science requires new approaches and allocation of resources to meet these changing needs. This session will look at ways to advance global science overall, to make U.S. science investments more effective in a globalized world, and to respond to important societal needs.

9:00 a.m.

Introduction by C. D. (Dan) Mote Jr.

9:15 a.m.

Session I: Patterns of Mobility and Changing Patterns of Movements of Global Talents

What mobility and special skills do U.S. scientists need in today’s globalized world? What challenging and beneficial implications does the reverse brain drain in countries like India and China have for the United States? How can the United States help developing countries deal with the effect of brain drain? What special initiatives that foster new linkages and collaborations and engage young and promising scientists and engineers (including in developing countries) should be pursued?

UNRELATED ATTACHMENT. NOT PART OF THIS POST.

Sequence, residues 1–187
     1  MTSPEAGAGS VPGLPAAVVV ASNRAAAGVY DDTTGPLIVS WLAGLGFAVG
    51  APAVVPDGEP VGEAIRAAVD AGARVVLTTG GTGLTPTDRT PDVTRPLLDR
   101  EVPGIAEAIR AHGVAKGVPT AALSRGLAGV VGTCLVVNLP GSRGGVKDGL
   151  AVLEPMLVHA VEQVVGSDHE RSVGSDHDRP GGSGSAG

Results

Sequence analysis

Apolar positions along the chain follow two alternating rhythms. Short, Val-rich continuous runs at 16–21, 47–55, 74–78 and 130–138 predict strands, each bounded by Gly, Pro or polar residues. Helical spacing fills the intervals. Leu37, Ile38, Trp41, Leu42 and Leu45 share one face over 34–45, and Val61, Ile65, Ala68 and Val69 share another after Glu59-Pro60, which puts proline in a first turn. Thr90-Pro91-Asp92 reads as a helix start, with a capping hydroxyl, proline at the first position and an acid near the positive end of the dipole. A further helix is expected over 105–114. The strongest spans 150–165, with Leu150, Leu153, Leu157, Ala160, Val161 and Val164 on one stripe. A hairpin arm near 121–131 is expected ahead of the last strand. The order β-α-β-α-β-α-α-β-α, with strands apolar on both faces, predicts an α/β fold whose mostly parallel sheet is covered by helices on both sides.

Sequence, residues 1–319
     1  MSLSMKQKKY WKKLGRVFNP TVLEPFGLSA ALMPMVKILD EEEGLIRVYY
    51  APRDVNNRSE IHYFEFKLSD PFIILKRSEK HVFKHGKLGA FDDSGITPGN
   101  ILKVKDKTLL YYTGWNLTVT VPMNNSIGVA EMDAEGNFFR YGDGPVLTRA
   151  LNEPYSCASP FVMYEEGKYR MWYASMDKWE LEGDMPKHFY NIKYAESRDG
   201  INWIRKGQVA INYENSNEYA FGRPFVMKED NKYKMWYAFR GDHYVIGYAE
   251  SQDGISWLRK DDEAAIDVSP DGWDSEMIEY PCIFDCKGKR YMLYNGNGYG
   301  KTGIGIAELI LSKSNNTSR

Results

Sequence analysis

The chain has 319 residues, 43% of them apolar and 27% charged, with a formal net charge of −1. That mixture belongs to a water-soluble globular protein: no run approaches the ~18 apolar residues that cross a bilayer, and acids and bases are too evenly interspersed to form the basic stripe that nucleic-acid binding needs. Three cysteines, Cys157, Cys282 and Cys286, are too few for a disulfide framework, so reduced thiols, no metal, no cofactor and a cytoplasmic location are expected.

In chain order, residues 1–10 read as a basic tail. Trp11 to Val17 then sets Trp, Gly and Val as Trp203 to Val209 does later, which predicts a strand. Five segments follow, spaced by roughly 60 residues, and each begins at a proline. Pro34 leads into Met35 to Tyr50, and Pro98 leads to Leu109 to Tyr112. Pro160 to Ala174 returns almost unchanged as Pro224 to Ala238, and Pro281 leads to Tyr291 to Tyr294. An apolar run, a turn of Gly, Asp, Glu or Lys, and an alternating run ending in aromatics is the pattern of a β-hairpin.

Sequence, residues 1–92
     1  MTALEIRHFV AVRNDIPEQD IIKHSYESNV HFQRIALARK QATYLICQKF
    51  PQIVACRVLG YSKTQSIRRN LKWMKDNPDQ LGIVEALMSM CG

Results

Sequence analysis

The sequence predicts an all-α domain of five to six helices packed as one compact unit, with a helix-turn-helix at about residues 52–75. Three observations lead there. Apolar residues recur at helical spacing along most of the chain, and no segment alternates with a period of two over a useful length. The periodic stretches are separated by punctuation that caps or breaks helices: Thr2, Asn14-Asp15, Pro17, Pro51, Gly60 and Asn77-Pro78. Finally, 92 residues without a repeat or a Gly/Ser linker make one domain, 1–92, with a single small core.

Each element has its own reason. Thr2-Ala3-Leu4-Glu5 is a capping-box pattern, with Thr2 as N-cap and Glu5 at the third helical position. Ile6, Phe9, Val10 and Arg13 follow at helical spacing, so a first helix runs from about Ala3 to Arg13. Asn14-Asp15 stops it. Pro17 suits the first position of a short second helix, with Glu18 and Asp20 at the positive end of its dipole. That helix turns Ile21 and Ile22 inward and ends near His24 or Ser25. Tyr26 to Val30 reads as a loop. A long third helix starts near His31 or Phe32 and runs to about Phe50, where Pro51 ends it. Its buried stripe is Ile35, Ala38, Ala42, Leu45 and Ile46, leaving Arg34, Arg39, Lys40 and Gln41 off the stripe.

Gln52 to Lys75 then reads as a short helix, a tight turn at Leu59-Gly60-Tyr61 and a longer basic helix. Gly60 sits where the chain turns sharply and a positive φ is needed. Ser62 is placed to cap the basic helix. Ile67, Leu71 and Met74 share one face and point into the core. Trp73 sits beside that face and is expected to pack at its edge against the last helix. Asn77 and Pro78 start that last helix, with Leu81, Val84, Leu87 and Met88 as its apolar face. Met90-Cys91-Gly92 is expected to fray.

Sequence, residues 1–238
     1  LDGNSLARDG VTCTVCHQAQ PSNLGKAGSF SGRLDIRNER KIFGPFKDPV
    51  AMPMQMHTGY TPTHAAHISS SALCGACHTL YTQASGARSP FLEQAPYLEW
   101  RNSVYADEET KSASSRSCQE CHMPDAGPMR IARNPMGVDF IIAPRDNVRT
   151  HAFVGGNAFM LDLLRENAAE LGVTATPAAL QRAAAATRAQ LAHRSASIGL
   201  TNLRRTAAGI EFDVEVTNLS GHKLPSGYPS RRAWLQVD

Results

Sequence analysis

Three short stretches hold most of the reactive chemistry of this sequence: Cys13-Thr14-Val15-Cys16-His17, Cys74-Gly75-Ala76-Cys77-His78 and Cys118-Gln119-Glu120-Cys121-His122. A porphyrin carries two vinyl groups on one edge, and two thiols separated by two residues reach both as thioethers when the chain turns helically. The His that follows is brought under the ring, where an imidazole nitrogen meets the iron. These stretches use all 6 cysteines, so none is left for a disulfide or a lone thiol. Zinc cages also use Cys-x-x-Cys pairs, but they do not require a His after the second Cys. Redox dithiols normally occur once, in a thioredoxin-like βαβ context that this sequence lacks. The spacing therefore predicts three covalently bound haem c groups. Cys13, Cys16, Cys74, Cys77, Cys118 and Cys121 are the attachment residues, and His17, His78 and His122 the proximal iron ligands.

Moderator: Charles M. Vest
Discussion Leaders: Rita Colwell, Khotso Mokhele

Short Break

10:30 a.m.

Session II: Maximizing Scientific Advances in the Context of an Increasingly Global Research Community

How can bilateral and multilateral scientific collaborations be enhanced by removing barriers and by finding ways for federal programs to be more flexible and innovative? Could resource allocation be more efficient? Are there important gaps?

Moderator: C. D. (Dan) Mote Jr.
Discussion Leader: Celia Merzbacher

12:00 p.m.

Lunch



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